University endowments are safe from government control - for now, at least.
Legislation mandating a minimum 5 percent spending rate on university endowments will not appear before the Senate Finance Committee this year, and Penn officials are breathing a sigh of relief.
"I think it is potentially very harmful," Penn President Amy Gutmann said of the legislation. "I don't think that Washington has the knowledge or the flexibility to determine payouts on the basis of what's in the best interests of our students or our faculty or our donors."
The potential endowment legislation was part of a larger debate about a higher-education tax-credit bill. Senators could not come to an agreement on the bill for reasons unrelated to the endowment legislation, so Congress tabled the discussion for the current session.
"I don't expect this issue to pop up this year, but I wouldn't be at all surprised if someone were to offer some legislation or something on university endowments next year," said Bill Andresen, the head of Penn's office in Washington.
Part of Andresen's job is to explain to congressional staff members how university endowments work, and during the bill's discussion he argued that federal regulation on endowment spending would be harmful.
"It's not like Penn has a bank account with 6 billion that it can write checks on whatever it feels like," he said. "Most endowments are heavily encumbered and restricted. Hill staff doesn't fully understand that."
Spending requirements ensure that while Penn's endowment currently stands at $6.6 billion, the University cannot spend the money however it wants to.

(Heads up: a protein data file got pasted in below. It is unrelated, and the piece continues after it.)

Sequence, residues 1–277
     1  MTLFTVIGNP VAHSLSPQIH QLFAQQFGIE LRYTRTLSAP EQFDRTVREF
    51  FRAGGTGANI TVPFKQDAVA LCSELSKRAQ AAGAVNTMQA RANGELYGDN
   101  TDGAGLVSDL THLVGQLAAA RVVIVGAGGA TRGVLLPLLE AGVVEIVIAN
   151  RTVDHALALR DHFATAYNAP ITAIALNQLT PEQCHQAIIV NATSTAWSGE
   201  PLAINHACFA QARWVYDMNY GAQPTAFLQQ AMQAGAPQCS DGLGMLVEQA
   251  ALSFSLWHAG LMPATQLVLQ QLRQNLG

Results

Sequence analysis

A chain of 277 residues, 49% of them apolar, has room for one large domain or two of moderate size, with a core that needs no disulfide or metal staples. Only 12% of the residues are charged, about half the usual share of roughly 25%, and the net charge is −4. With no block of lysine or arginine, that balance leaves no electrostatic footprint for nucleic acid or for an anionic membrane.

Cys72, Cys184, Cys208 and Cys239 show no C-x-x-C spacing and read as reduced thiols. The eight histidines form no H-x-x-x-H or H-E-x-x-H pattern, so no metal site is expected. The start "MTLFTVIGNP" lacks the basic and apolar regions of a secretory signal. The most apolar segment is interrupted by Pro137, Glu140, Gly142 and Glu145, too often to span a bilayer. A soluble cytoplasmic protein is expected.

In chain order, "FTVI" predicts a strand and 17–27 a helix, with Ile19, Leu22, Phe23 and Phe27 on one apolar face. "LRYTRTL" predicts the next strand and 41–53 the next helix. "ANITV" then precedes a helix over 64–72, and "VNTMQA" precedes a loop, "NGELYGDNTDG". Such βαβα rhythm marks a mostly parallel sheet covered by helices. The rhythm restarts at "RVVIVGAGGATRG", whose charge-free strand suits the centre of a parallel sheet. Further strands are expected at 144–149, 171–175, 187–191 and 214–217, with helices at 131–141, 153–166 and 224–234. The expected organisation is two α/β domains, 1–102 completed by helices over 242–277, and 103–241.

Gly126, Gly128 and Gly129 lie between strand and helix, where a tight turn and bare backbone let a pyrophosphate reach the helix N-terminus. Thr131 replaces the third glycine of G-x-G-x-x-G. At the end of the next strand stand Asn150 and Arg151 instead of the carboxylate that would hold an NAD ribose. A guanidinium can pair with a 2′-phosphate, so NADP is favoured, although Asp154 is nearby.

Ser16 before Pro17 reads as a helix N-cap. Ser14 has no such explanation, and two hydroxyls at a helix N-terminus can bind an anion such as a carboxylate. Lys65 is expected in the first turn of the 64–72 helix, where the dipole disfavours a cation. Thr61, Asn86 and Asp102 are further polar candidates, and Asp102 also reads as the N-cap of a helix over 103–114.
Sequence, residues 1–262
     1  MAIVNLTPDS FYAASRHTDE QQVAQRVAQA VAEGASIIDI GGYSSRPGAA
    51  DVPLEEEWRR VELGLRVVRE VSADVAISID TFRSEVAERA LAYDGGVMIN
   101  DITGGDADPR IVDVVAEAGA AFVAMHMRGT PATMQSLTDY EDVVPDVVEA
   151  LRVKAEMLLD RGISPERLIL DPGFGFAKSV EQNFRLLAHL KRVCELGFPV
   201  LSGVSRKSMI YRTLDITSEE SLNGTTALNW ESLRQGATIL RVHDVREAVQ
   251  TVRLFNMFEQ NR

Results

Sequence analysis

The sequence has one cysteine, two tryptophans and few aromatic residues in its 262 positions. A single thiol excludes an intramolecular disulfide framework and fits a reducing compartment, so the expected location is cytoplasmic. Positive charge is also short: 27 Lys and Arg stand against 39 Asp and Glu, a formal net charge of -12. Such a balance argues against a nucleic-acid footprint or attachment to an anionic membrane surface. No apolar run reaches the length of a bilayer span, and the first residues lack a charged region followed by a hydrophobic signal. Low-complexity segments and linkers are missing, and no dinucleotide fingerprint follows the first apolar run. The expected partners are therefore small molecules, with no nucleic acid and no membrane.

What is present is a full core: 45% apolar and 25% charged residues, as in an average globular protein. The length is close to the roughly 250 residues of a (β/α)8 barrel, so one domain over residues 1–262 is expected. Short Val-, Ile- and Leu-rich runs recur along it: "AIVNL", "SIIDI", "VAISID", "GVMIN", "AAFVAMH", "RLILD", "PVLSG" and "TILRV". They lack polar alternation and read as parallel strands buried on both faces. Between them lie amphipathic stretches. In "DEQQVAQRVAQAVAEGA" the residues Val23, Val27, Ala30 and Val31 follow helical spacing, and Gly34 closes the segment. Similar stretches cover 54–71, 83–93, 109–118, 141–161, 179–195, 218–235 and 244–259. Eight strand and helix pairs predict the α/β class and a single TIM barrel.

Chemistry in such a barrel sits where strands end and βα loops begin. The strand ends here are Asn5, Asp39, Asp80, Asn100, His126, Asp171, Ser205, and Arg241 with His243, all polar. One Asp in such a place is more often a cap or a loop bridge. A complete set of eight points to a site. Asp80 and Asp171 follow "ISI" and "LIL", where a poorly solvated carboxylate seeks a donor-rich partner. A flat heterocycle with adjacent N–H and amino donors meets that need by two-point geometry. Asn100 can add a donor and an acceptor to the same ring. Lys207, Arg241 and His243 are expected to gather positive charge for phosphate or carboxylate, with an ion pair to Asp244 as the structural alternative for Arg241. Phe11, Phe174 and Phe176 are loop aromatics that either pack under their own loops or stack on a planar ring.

"Endowment gifts are restricted and must support the donors' intent," Chief Investment Officer Kristin Gilbertson wrote in an e-mail. "There are thousands of individual endowments which have been rolled up into" the collective University endowment.
Some of these endowments support financial aid, some support chairmen of departments or professors, and some are geared toward specific schools and centers.
Contrary to the thoughts of some on Capitol Hill, "increasing the spending rate would not translate into a dollar-for-dollar increase in financial aid," Gilbertson wrote.
Starting in fiscal year 2007, Penn adopted a new spending rule for its endowment payouts - a formula based on past spending and endowment levels that hovers around 4.7 percent.
The amount that can safely be spent each year is the projected return on the endowment minus inflation. Spending more than that would cause the endowment's value to drop, and future spending would decrease as well.
Andresen thinks the endowment discussion is at least partially spurred by politicians who want their constituents to think they're doing something to reduce college expenses, even if the legislation would do no such thing.
"A number of people have decided it's good politics," he said. "They really don't know if it's good policy or not."
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